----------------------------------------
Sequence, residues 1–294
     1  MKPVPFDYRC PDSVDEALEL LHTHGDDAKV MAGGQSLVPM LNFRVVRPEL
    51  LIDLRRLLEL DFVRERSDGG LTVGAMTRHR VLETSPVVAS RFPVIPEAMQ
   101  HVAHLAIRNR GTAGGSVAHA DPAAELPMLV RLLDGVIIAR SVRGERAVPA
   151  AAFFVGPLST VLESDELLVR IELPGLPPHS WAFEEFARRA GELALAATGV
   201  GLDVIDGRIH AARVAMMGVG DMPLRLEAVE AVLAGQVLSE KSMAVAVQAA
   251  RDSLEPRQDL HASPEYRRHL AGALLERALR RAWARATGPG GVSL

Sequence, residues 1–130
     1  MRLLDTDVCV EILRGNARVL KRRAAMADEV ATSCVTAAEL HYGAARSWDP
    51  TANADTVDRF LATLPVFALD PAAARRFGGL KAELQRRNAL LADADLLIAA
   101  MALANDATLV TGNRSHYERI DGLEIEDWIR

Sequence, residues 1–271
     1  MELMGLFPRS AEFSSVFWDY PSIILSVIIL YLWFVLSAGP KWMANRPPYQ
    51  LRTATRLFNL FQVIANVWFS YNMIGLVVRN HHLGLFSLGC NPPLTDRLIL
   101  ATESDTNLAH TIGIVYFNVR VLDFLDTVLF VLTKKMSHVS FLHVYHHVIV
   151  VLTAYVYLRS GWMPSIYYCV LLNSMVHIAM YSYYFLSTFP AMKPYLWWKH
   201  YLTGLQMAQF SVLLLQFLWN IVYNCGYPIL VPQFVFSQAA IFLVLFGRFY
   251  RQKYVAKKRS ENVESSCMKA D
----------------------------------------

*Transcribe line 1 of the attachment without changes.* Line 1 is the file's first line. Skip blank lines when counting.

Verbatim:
Sequence, residues 1–294